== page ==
Living with Disinformation
Famous journal “Foreign Affairs” has recently published an insightful article, “Deepfakes and the New Disinformation War”. The article is not only timely but also highly relevant to understand many of the issues that are projected to be “burning” in India, particularly under the Modi-government.
Authors Robert Chesney and Danielle Cirton warn through their article that “Thanks to the rise of “deepfakes”—highly realistic and difficult-to-detect digital manipulations of audio or video—it is becoming easier than ever to portray someone saying or doing something he or she never said or did. Worse, the means to create deepfakes are likely to proliferate quickly, producing an ever-widening circle of actors capable of deploying them for political purposes. Disinformation is an ancient art, of course, and one with a renewed relevance today. But as deepfake technology develops and spreads, the current disinformation wars may soon look like the propaganda equivalent of the era of swords and shields.”
Worried that deepfake services have already appeared in the open market, the authors say that the spread of these services will result in a number of positive as well as negative applications. While positive applications could be very handy in the health and education sectors, negative applications will be used for darker purposes. For instance, deepfake technology can be employed “to insert people’s faces into pornography without their consent or knowledge, and the growing ease of making fake audio and video content will create ample opportunities for blackmail, intimidation, and sabotage.”.
However, Robert Chesney and Danielle Cirton find it “most” frightening that applications of deepfake technology may well be in the realms of politics and international affairs. “There, deepfakes may be used to create unusually effective lies capable of inciting violence, discrediting leaders and institutions, or even tipping elections”, they argue.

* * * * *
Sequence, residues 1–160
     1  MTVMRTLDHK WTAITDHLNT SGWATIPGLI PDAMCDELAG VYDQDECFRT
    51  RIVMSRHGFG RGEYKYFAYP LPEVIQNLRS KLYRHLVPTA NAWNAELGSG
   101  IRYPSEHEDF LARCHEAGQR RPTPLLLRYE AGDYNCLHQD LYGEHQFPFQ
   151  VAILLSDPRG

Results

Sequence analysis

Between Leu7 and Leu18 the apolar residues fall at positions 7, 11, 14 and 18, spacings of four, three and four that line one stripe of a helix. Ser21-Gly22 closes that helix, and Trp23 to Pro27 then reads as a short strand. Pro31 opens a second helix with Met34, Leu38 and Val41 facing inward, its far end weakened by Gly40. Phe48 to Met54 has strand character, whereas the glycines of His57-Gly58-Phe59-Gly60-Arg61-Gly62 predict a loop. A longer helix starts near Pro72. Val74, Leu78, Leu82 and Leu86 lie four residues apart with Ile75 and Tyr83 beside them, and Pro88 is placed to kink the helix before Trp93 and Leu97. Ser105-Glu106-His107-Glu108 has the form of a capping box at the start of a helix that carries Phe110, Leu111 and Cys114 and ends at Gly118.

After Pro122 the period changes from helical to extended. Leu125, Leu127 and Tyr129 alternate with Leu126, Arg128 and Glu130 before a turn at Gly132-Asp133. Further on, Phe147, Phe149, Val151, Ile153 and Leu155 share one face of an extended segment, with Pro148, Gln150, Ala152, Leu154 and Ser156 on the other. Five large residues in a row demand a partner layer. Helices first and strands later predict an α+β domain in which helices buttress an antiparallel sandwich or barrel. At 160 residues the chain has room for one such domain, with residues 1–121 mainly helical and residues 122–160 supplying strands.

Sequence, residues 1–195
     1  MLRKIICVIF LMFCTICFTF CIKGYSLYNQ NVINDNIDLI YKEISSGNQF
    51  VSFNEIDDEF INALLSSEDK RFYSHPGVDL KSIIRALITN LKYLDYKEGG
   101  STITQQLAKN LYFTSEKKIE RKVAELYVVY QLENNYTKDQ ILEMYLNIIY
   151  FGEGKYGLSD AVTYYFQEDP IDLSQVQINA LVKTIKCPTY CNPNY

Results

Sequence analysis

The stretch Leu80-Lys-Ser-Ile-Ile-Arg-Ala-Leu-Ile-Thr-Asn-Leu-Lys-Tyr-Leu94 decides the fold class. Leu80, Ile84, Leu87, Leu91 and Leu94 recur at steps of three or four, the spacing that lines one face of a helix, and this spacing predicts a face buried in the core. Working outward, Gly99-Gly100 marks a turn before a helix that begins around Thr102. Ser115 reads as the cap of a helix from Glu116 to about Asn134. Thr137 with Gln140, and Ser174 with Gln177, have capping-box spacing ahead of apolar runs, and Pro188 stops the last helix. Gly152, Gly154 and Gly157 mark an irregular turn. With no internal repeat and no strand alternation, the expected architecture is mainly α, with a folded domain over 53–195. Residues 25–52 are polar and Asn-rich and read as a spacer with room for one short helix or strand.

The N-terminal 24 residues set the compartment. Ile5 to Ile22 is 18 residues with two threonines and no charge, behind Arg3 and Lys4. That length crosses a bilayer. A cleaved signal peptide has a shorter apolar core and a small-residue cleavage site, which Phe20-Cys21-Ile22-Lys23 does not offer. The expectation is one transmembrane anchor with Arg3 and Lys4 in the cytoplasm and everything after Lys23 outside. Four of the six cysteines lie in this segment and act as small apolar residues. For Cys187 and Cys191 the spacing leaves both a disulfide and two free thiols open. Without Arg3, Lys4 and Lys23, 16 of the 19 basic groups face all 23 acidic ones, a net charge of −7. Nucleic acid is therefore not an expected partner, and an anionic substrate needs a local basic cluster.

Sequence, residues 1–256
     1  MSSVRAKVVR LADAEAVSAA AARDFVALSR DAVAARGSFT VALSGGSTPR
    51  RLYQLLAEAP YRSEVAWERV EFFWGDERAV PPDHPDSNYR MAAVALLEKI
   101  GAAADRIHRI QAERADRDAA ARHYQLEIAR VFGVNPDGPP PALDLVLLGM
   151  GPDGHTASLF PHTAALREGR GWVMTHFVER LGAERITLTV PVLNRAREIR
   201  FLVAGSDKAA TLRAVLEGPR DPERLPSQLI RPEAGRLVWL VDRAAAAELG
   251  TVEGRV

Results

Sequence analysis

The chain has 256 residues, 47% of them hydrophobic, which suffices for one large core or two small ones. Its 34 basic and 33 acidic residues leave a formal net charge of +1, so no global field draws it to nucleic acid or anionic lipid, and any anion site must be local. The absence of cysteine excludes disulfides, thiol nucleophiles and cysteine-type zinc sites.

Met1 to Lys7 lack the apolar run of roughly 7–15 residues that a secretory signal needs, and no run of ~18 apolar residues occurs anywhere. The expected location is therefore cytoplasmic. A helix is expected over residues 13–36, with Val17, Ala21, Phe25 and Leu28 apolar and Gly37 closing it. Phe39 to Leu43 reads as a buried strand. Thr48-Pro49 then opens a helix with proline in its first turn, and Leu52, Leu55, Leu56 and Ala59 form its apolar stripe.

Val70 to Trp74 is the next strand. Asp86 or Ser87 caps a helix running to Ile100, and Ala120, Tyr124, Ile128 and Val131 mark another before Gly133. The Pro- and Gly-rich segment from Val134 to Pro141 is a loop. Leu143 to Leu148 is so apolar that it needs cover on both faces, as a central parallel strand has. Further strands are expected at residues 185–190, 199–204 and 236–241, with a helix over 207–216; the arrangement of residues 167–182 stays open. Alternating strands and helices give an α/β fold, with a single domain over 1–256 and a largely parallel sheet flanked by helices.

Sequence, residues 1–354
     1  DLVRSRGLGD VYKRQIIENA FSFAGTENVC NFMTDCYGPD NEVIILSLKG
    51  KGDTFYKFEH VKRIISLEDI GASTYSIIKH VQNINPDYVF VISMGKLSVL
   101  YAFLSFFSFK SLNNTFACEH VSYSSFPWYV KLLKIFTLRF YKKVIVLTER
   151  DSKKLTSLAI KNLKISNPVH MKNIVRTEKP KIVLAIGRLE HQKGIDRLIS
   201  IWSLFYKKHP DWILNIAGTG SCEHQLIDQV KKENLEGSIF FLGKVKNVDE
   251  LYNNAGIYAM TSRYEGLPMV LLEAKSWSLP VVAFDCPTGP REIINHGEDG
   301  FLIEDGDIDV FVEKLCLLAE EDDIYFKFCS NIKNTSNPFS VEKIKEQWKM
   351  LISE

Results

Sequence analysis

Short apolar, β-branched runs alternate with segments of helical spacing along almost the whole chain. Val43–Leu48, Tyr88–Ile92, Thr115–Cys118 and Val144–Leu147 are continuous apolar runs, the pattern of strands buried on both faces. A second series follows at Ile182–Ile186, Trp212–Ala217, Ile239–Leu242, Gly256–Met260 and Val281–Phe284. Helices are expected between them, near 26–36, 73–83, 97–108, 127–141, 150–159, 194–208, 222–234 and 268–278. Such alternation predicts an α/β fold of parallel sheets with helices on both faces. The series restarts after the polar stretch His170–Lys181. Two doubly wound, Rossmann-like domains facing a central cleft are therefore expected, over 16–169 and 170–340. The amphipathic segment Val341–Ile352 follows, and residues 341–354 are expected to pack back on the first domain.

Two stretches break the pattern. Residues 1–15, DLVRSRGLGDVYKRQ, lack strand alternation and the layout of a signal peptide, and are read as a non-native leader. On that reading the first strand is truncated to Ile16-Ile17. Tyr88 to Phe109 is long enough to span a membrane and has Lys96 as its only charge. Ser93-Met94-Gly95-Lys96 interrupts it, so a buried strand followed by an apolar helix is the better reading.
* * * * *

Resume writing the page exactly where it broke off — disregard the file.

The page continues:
And then they add, “Deepfakes have the potential to be especially destructive because they are arriving at a time when it already is becoming harder to separate fact from fiction. For much of the twentieth century, magazines, newspapers, and television broadcasters managed the flow of information to the public. Journalists established rigorous professional standards to control the quality of news, and the relatively small number of mass media outlets meant that only a limited number of individuals and organizations could distribute information widely. Over the last decade, however, more and more people have begun to get their information from social media platforms, such as Facebook and Twitter, which depend on a vast array of users to generate relatively unfiltered content. Users tend to curate their experiences so that they mostly encounter perspectives they already agree with (a tendency heightened by the platforms’ algorithms), turning their social media feeds into echo chambers. These platforms are also susceptible to so-called information cascades, whereby people pass along information shared by others without bothering to check if it is true, making it appear more credible in the process. The end result is that falsehoods can spread faster than ever before.”
As it is, we all know how there have been serious allegations about Russia’s attempt to influence the 2016 U.S. presidential election—spreading divisive and politically inflammatory messages on Facebook and Twitter. There were similar allegations that on the eve of the French election, Russian hackers tried to undermine the presidential campaign of Emmanuel Macron by releasing a cache of stolen documents, many of them doctored.
The point that emerges is that social media is becoming a fertile ground for circulating deepfakes, with potentially explosive implications for politics. Likewise, deepfakes are also proving to be useful l to non-state actors, such as insurgent groups and terrorist organisations. As we see in Kashmir these days, the terrorists, through social media depict their adversaries—including government officials—spouting inflammatory words , shooting civilians or discussing a plan to bomb a mosque, thereby aiding the terrorist groups’ recruitment, and more important, galvanising maximum impact on their target audiences.
And what is more worrisome, now that we are on the eve of general elections in India, one is witnessing the worst manifestations of the deepfakes. Just three instances will suffice.
Take the recent case of a self-proclaimed cyber expert of dubious background, US hacker Syed Shuja claiming in London last week, that too in the presence of the high profile Congress leader Kapi Sibal, that veteran BJP leader and Union Minister Gopinath Munde was killed because he ‘knew about EVM hacking’ in 2014. Syed Shuja said that the EVM machine was modified in the 2014 Lok Sabha elections. He also further claimed that after that, it happened in Maharashtra, Uttar Pradesh, and Gujarat elections.